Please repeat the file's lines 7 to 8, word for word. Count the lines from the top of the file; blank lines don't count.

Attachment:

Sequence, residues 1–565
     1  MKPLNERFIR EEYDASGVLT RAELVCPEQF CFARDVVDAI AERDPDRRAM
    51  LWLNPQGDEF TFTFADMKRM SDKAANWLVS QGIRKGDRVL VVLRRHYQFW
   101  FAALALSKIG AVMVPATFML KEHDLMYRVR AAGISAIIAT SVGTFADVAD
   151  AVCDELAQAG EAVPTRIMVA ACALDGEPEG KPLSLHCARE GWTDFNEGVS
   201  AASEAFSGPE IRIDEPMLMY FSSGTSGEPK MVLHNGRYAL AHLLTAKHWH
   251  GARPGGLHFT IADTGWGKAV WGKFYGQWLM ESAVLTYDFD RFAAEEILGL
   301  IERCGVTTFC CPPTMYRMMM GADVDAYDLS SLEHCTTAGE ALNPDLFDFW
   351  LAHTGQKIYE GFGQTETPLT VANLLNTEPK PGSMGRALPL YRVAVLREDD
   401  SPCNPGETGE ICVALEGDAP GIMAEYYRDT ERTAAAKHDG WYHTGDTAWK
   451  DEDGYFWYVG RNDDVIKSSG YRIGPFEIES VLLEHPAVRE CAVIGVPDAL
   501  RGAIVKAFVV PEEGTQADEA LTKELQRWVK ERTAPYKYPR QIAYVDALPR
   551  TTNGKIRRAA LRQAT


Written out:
   251  GARPGGLHFT IADTGWGKAV WGKFYGQWLM ESAVLTYDFD RFAAEEILGL
   301  IERCGVTTFC CPPTMYRMMM GADVDAYDLS SLEHCTTAGE ALNPDLFDFW